June 25, 2024
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Looking Forward to the Original Days of Greatness

Two years ago, I was in Eretz Yisrael the week before Parshas Masei. I took my son, Naftoli, for a jeep ride and tour of the Judean Desert. Our veteran tour guide, Benzie, drove us over the dunes to the top of a hill. The view was breathtaking. “Look below,’’ said Bentzie, “and you’ll see the city of Yericho and beyond that the Yam Hamelach (Dead Sea). Past Yericho over the Jordan River, that’s Arvos Moav, the place where the Bnei Yisrael camped and Moshe taught them Sefer Devarim, right before Yehoshua led them into Eretz Yisrael.’’ It was amazing to see the events of the Torah come to life.

The Yam Hamelach is mentioned in Parshas Masei as one of the borders of Eretz Yisrael. Rabbi Moshe Wolfson, mashgiach of Torah Vodaas, asks why the Torah starts marking the borders of Eretz Yisrael with the Yam Hamelach? Why is it the only border mentioned twice as the starting and ending point in drawing the borders?

Rav Wolfson explains that the region of the Yam Hamelach was originally a plush land, indeed the most fertile in the region. However, Hashem destroyed this prosperous area, turning it into sulfur and salt because of the decadence of the people. This region was Sodom and Gomorrah, known for their total decadence. The destruction occurred during the life of Avraham. Yet, the navi says Hashem will turn the desert into Eden and the Arava (the region of Sodom) into the garden of Hashem in the time of Moshiach.

Further, the Midrash indicated that David Hamelech is associated with the area of Sodom, since he was a descendant of Rus, who was from Moav. Moav was the child born to the daughter of Lot after they escaped the destruction of Sodom.

The fate and future of the Yam Hamelach region can be compared to the time of bein hametzarim—the time of dire straits—that begins with a calamity on Shiva Asar B’Tamuz, the 17th of Tamuz, and ends after three weeks of mourning, on Tisha B’Av, the ninth day of Av.

Shiva Asar B’Tamuz was supposed to be the day the Bnei Yisrael would receive the luchos, but they sinned with the golden calf, causing Moshe to smash the luchos. This was the first of several calamities the Mishna lists as occurring on the 17th of Tamuz. Then there’s Tisha B’Av, the day the spies returned from scouting out Eretz Yisrael. It was supposed to be a time of rejoicing upon hearing about the greatness of Eretz Yisrael and then starting to enter Eretz Yisrael. However, the Bnei Yisrael accepted the adverse report of the spies, which transformed this time into a day of death and destruction. First, the whole nation perished in the desert, and later, the two Batei Mikdash would be destroyed on Tisha B’Av, in addition to many other calamities.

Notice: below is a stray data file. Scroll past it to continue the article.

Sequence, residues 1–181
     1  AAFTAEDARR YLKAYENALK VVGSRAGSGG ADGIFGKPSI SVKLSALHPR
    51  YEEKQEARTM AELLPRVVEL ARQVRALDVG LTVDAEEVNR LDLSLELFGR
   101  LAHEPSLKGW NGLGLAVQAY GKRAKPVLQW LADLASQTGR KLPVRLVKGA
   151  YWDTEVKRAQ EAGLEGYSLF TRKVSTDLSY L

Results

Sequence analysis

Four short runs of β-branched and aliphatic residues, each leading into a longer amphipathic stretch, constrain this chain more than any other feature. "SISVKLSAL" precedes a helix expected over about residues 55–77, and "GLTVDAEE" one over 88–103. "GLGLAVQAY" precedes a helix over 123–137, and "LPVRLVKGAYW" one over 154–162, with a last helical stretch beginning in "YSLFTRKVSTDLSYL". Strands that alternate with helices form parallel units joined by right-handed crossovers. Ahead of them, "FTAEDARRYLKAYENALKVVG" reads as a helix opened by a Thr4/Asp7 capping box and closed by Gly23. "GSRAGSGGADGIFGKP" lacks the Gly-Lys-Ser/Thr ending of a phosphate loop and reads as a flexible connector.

Our consolation is that in the time of Moshiach, these tragic days will turn into holidays. These dates were originally destined for greatness and will eventually revert back to their originally intended purpose, just like the region of the Yam Hamelach.

So where did we go wrong, causing us to lose the incredible opportunities of those special days? The first precious luchos were destroyed when the Bnei Yisrael built the eigel (golden calf). The nation miscalculated Moshe’s return by a day and panicked. Aharon stalled for time, but by the next morning, the people arose early to serve the eigel. The tribe of Levi was patient; the rest were not.

A similar error occurred in accepting the slanderous report of the meraglim (spies). The spies saw people dying but failed to realize that the death was caused by Hashem to preoccupy the locals so the spies would go unnoticed. Instead, the spies jumped to negative conclusions and lost faith.

Today, we can view our Three Weeks as a sad and tragic time, but if we take a more penetrating look, we can see it as an opportune time to get closer to Hashem. The same is true in all aspects of our lives. Each challenge is really an opportunity…if we open our eyes to see the positive possibilities.

The marking of the borders of Eretz Yisrael by the Yam Hamelach is a signal that even if everything looks abandoned and destroyed, a deeper look will allow us to see the transformation of this area into the Garden of Eden at the time of Moshiach.

We conclude the reciting of Kinos on Tisha B’Av with this pasuk in Yeshaya: “Hashem comforts Zion that He will transform the desert into plush pastures like Eden and the area of Yam Hamelach into a garden of Hashem and will transform the times of sadness into times of joy and gladness.”

We have Hashem’s promise that these days, which were rooted in greatness, will once again revert to their original destiny to be holidays filled with simcha in the time of Moshiach.

Rabbi Baruch Bodenheim is the associate rosh yeshiva of Passaic


Torah Institute (PTI)/Yeshiva Ner Boruch. PTI has attracted people from all over northern New Jersey, including Teaneck, Paramus, Fair Lawn, Livingston and West Orange. He initiated and leads a multi-level Gemara-learning program. He has spread out beyond PTI to begin a weekly beis medrash program with in-depth chavrusa learning in Livingston, Fort Lee and a monthly group in West Caldwell. Rabbi Bodenheim can be reached at [email protected]. For more info about PTI and its full offering of torah classes visit www.pti.shulcloud.com.

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